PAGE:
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roadscholar

Beware the skid demon

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roadscholar

A bit of Japanese motorcycle history. Dave Despain sent this in to HMS, N, Fla's vintage motorcycle club.

 

How to ride motorcycles: Taken from a 1962 Honda Motorcycle Club Instruction Book. It was translated by Honda for the American Motorcycle Rider.

 

1. At the rise of the hand by Policeman, stop rapidly. Do not pass him by or otherwise disrespect him.

 

2. When a passenger of the foot, hooves in sight, tootel the horn trumpet melodiously at first. If he still obstacles your passage, tootel him with vigor and express by word of mouth, warning Hi, Hi.

 

3 Beware of the wandering horse that he shall not take fright as you pass him. Do not explode the exhaust box at him. Go smoothingly by.

 

4. Give big space to the festive dog that makes sport in roadway. Avoid entanglement of dog with wheel spokes.

 

5. Go smoothingly on the grease mud, as there lurks the skid demon. Press the brake foot as you roll around the corners, and save the collapse and tie up.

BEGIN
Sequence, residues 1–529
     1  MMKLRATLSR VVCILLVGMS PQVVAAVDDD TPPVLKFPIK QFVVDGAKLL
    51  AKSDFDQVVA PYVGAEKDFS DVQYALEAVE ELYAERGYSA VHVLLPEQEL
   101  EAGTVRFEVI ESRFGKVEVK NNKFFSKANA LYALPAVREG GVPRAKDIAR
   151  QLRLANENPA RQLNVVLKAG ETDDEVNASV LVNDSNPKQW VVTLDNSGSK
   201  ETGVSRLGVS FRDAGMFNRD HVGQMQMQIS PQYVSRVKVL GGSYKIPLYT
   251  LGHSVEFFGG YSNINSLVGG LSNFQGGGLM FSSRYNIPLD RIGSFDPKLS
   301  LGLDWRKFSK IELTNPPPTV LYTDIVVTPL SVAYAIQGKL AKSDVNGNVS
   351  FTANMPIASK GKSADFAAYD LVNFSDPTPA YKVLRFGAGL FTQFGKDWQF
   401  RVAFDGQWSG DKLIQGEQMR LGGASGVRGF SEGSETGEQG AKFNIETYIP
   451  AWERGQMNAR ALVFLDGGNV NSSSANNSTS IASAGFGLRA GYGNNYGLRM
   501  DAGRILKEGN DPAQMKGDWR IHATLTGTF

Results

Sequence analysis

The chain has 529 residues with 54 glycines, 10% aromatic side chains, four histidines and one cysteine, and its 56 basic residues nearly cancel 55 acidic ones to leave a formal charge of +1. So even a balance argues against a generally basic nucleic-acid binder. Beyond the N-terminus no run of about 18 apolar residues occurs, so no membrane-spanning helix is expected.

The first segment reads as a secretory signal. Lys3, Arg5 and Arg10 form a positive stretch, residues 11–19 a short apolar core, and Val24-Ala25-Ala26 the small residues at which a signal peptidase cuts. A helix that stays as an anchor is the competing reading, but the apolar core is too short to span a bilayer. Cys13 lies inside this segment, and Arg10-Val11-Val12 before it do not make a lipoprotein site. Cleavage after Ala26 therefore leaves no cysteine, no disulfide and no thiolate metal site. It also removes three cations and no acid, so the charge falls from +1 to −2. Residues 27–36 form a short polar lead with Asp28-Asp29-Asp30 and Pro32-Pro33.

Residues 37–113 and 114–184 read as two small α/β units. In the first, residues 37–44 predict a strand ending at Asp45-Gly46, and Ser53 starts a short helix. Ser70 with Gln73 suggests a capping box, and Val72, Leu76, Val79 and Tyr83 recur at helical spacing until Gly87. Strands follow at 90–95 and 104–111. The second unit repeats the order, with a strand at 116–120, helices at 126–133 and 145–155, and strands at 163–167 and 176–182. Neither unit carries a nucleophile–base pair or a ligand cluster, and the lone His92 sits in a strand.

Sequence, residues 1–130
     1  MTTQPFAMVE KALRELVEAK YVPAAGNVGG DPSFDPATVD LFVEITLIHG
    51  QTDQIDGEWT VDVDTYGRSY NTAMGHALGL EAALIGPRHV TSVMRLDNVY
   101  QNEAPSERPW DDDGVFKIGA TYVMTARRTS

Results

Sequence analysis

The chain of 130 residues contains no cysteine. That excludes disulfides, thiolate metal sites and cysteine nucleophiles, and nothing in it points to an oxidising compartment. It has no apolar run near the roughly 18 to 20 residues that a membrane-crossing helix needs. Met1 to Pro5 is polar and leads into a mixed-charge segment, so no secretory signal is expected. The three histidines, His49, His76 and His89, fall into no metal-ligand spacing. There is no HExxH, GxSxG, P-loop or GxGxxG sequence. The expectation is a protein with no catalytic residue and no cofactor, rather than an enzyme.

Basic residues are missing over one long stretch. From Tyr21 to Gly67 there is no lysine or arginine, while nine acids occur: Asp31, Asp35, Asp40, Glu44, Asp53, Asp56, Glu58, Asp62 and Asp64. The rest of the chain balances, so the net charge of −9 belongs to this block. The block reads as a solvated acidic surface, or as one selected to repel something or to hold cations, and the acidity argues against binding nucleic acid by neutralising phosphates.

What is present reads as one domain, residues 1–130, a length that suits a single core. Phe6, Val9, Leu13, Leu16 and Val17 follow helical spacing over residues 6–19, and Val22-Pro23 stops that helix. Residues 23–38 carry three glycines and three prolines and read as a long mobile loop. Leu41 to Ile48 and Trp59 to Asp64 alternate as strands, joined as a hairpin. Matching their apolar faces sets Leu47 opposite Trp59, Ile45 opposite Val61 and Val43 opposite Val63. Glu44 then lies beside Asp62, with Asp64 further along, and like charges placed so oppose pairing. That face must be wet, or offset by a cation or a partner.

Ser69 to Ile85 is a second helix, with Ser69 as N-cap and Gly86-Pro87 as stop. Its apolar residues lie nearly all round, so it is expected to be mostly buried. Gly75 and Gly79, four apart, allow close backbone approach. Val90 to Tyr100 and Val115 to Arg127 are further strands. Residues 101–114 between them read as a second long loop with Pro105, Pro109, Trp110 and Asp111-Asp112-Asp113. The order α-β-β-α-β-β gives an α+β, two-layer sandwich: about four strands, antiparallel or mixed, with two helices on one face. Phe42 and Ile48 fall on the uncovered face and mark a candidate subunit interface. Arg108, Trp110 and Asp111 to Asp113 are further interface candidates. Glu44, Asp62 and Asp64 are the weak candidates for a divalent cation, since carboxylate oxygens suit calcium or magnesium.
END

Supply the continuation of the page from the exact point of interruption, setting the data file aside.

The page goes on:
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chrisolson

Even with the unintended humorous phrasing , the intent of the instruction is still valid today .... well, except you're not going to run into many horses or real traffic policemen in most cities today .

 

However, exploding the exhaust box does seem to be a favorite pastime of most Harley rides then and continuing today :rofl:

 

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tallman

"Festive dog"

 

Know a lot of dog breeds.

This is a new one.

Do have a Foo dog.

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TEWKS

I've checked two of those boxes.